Inquest delays 'breached rights'
The State breached the human rights of relatives of two IRA men by failing to promptly investigate their deaths at the hands of the SAS, a European court has ruled.
The European Court of Human Rights (ECHR) found that the UK authorities also failed the family of a west Belfast man, who sustained fatal injuries when he was beaten by riot police, in the same way.
Judges criticised the lengthy delays in holding inquests into the 1990 shootings of IRA members Martin McCaughey and Desmond Grew in Loughgall, Co Armagh, and into the death of John Hemsworth in 1998, six months after he was beaten by police in Belfast.
Inquests into both incidents were only heard within the last two years, with issues such a disclosure of security force papers the source of many hold-ups.
The court upheld complaints by the families of the three men that the cases were subject to excessive investigative delays and, as a consequence, found the State guilty of "procedural violations" of Article 2 of the European Convention on Human Rights - the right to life.
But judges ruled as inadmissible the families' substantive complaints that the violent actions of the security force personnel involved were not justified and constituted "substantive violations" of the men's right to life and that the State also contravened Article 13 - the right to an effective remedy.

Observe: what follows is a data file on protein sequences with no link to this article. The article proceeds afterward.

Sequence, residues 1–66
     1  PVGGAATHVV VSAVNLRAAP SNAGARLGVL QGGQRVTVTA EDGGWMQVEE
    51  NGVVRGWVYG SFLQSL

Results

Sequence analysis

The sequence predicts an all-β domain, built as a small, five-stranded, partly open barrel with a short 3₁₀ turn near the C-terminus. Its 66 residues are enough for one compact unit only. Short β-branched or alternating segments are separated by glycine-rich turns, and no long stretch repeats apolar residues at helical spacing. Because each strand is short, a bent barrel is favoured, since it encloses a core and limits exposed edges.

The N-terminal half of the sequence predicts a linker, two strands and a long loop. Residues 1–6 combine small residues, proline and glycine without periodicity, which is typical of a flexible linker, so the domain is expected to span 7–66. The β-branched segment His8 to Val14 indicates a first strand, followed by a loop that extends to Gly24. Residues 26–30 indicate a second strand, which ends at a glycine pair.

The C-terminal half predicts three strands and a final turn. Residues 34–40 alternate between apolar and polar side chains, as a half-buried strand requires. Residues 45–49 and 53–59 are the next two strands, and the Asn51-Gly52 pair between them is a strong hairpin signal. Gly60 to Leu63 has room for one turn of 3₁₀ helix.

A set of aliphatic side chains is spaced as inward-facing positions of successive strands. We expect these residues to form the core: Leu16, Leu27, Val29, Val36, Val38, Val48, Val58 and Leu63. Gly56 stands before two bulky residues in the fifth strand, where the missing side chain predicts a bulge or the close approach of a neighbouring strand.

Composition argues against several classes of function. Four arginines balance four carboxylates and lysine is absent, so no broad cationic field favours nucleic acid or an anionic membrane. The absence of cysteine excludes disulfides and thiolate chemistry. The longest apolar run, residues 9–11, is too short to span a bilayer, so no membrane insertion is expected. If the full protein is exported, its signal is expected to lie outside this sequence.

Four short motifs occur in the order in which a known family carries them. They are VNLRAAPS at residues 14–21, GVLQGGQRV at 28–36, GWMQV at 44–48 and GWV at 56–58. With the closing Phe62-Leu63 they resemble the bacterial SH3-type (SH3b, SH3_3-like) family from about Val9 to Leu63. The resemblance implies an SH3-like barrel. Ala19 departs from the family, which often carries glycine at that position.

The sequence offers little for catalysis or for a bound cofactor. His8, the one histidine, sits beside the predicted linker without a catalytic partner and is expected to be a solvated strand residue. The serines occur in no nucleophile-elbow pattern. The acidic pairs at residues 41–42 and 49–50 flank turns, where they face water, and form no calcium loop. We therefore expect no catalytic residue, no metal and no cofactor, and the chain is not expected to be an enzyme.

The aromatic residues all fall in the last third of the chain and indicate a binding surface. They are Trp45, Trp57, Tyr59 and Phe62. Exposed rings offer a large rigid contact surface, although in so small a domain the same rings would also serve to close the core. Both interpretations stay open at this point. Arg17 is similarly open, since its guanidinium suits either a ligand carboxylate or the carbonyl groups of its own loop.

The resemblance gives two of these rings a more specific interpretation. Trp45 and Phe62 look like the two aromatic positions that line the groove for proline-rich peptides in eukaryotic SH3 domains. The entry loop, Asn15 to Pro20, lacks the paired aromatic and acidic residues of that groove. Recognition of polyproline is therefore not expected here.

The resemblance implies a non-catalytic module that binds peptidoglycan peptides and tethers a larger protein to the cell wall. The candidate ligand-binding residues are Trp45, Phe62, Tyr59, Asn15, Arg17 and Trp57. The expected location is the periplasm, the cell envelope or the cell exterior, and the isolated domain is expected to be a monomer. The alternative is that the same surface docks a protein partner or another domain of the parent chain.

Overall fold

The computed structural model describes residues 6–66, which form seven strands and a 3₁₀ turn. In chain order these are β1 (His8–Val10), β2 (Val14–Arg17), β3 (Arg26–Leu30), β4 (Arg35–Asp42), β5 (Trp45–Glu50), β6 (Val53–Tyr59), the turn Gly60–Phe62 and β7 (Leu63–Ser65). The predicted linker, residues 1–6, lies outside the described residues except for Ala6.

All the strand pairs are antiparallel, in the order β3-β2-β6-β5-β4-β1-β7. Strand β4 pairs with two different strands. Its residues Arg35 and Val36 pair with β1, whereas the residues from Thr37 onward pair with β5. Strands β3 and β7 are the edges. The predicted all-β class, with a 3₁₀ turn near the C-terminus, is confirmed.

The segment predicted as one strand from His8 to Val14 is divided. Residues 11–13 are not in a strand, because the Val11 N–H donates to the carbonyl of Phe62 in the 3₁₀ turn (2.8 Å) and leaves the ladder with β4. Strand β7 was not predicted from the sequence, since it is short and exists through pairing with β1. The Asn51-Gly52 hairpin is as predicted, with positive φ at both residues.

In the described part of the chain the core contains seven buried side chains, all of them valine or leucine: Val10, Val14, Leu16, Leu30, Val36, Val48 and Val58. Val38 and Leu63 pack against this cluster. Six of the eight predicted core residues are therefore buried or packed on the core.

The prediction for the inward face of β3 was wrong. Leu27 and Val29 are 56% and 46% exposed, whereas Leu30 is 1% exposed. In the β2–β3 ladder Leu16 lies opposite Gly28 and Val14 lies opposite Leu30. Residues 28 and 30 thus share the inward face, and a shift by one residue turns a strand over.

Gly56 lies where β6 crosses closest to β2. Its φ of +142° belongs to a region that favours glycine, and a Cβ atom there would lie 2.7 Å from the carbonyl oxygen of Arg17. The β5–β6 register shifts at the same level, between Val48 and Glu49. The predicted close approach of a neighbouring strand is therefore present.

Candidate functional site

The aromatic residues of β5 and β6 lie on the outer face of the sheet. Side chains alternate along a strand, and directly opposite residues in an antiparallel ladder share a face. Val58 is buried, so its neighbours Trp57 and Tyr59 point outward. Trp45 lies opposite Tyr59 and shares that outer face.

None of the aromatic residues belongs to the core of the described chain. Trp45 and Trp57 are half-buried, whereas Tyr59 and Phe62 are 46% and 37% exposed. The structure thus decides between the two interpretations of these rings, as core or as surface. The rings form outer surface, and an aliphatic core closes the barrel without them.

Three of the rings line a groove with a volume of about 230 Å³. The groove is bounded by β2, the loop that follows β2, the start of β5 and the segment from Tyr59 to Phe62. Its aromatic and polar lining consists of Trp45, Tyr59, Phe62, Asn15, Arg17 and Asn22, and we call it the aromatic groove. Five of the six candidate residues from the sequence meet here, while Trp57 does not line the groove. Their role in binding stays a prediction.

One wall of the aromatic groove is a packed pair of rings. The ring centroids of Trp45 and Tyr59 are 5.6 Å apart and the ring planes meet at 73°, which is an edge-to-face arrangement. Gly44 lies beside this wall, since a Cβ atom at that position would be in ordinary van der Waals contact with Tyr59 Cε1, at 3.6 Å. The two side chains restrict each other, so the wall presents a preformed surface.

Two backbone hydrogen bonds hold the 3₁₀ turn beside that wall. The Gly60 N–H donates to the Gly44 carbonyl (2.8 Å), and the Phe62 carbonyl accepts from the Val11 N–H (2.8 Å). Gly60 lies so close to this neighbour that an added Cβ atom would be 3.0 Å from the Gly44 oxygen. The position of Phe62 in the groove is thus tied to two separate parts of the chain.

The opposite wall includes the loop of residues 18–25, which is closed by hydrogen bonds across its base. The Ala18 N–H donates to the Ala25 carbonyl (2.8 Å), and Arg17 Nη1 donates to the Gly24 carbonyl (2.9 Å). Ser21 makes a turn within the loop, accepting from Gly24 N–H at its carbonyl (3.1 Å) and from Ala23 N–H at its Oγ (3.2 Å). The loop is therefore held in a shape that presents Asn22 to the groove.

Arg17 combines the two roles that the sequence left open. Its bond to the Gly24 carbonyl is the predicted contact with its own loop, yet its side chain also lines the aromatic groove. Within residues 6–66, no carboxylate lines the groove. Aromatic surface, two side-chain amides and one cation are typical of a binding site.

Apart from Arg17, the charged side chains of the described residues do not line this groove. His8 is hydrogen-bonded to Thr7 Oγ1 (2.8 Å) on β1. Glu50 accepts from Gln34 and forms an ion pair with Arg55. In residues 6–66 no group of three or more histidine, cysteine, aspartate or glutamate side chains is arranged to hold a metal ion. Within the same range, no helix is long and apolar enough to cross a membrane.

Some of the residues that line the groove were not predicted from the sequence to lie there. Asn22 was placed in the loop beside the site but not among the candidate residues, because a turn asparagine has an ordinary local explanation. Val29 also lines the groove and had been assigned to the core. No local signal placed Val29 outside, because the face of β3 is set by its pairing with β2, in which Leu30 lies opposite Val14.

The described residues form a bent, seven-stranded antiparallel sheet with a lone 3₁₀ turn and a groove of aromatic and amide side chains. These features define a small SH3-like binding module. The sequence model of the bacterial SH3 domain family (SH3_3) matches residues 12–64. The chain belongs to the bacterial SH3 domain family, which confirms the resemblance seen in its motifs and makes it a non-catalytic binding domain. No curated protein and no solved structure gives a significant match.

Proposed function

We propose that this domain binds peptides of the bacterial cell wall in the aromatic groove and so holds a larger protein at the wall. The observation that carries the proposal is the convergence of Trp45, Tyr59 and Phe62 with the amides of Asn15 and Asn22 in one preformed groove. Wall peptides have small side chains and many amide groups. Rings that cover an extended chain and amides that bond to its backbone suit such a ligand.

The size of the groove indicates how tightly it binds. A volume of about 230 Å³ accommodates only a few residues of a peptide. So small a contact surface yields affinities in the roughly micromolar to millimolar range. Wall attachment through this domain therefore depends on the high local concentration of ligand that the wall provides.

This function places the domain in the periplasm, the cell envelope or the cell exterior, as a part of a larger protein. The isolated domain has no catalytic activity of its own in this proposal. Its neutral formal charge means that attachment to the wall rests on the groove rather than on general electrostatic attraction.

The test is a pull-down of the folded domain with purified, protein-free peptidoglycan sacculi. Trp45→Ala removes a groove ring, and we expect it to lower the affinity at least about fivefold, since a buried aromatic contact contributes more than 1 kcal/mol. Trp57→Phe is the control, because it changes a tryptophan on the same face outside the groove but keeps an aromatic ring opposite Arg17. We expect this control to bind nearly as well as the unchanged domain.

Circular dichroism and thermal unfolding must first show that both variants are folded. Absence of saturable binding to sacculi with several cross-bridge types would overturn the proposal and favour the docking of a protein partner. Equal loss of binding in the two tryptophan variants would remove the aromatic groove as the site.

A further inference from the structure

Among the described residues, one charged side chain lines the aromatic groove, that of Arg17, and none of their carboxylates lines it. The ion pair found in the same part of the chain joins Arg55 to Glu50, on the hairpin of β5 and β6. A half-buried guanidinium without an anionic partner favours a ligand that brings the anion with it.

The court said it was premature to examine such claims as judicial proceedings in domestic UK courts were still not exhausted, noting that civil proceedings were ongoing and future judicial, investigative or criminal proceedings were still a possibility in Northern Ireland. Those rulings in respect of the substantive claims effectively leave the families open to re-lodge the complaints at a future date.
In regard to the upheld complaints, the court ordered the UK state to pay 20,000 euro (£17,388) in damages for loss and suffering (non-pecuniary) to Mr Hemsworth's family along with 11,000 euro (£9,563) for costs and expenses.
The families of Mr Grew and Mr McCaughey made no claim for non-pecuniary damages and were awarded 14,000 euro (£12,170) for costs and expenses.
The two IRA men were killed in a hail of bullets when troops opened fire on them near farm buildings. The high-profile case became one of a number where security forces faced so-called "shoot to kill" allegations that they had secretly planned to kill IRA members without any attempt to arrest them.